Authors: Dexter Locke*, National Socio-Environmental Synthesis Center (SESYNC), Alessandro Ossola, Centre for Smart Green Cities, Department of Biological Sciences, Macquarie University, North Ryde, Sydney, NSW, 2109, Australia, Brenda Lin, CSIRO Land and Water Flagship, Aspendale, VIC, Australia, Emily Minor, Department of Biological Sciences, University of Illinois Chicago, 845 W. Taylor St., Chicago, IL 60607-7060, USA
Topics: Geographic Information Science and Systems, Urban and Regional Planning, Spatial Analysis & Modeling
Keywords: Urban forest, tree canopy cover and height, socio-ecological systems, private gardens, big data, urban ecology
Session Type: Paper
Start / End Time: 8:00 AM / 9:40 AM
Room: Congressional A, Omni, West
Presentation File: No File Uploaded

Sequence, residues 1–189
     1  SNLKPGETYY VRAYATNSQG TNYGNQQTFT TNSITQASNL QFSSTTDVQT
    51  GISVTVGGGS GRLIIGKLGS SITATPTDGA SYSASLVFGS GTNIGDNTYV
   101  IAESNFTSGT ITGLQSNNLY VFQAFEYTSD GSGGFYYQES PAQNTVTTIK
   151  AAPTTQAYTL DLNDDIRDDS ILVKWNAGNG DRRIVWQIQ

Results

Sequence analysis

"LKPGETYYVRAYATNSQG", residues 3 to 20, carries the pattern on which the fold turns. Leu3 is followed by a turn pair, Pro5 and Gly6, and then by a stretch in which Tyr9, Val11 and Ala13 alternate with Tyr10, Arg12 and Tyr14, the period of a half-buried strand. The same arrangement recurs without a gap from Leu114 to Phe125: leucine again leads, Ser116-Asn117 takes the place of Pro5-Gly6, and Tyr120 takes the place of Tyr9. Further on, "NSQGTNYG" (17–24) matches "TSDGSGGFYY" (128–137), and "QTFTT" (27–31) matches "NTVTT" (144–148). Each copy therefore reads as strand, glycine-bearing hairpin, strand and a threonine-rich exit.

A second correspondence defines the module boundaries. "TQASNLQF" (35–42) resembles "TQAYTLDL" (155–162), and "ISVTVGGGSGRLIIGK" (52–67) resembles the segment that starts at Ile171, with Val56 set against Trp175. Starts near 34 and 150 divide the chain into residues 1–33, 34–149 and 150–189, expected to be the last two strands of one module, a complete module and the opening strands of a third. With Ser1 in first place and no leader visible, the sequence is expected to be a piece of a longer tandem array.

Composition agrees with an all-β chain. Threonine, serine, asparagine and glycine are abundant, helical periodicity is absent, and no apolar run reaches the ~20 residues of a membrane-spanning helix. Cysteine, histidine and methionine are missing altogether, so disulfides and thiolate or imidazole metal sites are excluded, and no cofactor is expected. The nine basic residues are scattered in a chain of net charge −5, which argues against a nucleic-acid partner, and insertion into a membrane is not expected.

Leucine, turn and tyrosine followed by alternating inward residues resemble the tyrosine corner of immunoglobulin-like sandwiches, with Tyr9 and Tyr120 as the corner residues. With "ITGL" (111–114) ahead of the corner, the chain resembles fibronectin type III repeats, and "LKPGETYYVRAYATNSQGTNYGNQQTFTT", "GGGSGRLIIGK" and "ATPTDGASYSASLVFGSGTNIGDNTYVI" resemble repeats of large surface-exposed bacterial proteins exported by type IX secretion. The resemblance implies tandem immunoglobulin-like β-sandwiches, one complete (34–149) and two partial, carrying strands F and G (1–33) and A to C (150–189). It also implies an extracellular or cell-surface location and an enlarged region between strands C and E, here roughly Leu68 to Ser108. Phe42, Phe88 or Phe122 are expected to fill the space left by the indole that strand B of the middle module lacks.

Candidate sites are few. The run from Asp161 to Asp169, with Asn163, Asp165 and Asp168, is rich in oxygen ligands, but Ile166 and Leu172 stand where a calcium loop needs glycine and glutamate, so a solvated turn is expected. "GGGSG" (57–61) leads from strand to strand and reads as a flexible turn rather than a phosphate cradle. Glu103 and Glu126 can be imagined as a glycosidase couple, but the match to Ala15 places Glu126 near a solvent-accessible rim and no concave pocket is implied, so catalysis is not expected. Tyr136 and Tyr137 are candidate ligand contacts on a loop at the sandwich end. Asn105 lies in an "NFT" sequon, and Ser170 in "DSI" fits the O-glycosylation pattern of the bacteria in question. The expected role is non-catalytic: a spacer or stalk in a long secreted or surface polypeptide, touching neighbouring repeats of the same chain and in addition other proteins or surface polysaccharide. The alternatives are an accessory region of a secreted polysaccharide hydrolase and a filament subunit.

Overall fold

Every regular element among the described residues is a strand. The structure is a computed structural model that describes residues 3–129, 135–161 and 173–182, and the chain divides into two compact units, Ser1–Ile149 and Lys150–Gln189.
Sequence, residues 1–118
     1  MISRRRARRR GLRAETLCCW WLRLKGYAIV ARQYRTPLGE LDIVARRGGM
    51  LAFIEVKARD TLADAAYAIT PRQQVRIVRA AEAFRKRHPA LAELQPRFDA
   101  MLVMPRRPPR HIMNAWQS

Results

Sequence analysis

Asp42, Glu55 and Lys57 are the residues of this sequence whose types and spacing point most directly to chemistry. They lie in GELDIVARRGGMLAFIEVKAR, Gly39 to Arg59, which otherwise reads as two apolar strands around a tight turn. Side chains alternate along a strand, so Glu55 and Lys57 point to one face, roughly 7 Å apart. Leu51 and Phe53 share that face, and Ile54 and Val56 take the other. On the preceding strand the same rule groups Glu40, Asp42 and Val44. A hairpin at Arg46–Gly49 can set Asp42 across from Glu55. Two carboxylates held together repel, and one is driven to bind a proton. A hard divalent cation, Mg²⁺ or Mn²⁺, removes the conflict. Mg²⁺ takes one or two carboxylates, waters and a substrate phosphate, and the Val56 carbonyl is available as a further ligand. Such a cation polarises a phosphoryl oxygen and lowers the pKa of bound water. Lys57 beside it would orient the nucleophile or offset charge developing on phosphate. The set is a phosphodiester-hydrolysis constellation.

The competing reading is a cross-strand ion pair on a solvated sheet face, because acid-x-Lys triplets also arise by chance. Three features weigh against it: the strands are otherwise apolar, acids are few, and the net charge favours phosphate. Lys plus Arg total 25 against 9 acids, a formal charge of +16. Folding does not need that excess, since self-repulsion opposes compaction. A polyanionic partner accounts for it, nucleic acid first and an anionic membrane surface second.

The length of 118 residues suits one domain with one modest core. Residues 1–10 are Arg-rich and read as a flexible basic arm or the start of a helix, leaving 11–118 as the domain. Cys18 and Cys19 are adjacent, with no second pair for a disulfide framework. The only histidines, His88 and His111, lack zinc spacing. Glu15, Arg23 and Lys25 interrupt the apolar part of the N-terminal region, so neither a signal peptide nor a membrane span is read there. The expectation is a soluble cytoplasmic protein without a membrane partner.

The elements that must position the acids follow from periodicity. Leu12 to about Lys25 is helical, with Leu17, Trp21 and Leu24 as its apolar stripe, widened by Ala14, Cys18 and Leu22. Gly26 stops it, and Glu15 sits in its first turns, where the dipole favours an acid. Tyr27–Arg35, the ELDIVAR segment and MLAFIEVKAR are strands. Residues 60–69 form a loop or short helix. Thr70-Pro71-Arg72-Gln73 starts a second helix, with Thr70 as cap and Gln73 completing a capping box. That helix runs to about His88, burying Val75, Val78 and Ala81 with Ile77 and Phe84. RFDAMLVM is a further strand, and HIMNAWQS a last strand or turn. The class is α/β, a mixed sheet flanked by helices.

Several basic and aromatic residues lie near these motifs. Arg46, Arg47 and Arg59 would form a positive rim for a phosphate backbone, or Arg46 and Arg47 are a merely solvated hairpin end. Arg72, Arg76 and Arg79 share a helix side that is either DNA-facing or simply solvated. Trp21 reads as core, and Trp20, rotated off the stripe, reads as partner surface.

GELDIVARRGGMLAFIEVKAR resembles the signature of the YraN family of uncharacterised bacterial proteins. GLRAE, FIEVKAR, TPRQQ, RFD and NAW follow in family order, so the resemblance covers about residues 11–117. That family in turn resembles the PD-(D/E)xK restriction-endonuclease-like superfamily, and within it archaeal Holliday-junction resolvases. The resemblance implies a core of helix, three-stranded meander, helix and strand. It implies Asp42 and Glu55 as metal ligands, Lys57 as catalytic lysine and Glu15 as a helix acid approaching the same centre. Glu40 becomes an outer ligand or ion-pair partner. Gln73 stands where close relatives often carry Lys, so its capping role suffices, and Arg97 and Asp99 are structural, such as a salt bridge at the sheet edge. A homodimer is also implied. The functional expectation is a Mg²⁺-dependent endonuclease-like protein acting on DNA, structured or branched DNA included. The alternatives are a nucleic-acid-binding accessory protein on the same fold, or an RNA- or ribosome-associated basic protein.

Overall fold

In many urban areas, residential properties make up most of the land area, contain most of the tree canopy, and most of the planting opportunities for additional tree canopy. The sub-parcel scale of variation may have important implications for biodiversity, heat island mitigation, and other benefits of urban trees. However prior field-based studies are limited in gaining access to thousands of private properties. A unique front/back sub-parcel GIS dataset of ~180,000 residential properties in the Boston region is ideally suited for analyzing remotely sensed data on tree canopy cover and structure. We found that most of Boston’s tree canopy was located in backyards overall. Back yards had significantly more tree canopy, taller trees, and greater volume, a pattern that was consistent when parsing by household type (ie single, double, and triple-family homes) and across architectural building styles. Backyards contained ~23% of Boston’s tree canopy, while the right of way contained far less (~11%). A Morphological Spatial Pattern Analysis revealed that open spaces had the most connected canopy cover (~23% of canopy cores), followed by back yards (~14% of cores); front yards and rights of way contained only 3.75% and 4.45% of canopy cores. Backyards are nearly twice as important as the right of way and open spaces in terms of canopy spatial connectivity. Future research needs to explicitly account for sub-parcel variation in tree canopy cover and structure to improve estimates of social and ecological benefits of forests across cities.